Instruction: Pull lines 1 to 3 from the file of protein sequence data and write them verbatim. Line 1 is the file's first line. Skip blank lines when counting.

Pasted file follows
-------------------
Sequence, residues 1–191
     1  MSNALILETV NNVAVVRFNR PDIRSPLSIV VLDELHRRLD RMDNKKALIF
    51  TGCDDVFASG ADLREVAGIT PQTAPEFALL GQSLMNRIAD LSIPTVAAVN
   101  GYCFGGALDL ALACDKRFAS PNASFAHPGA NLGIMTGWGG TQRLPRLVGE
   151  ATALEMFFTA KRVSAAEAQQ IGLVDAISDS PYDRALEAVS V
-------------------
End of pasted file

Sequence, residues 1–191
     1  MSNALILETV NNVAVVRFNR PDIRSPLSIV VLDELHRRLD RMDNKKALIF
    51  TGCDDVFASG ADLREVAGIT PQTAPEFALL GQSLMNRIAD LSIPTVAAVN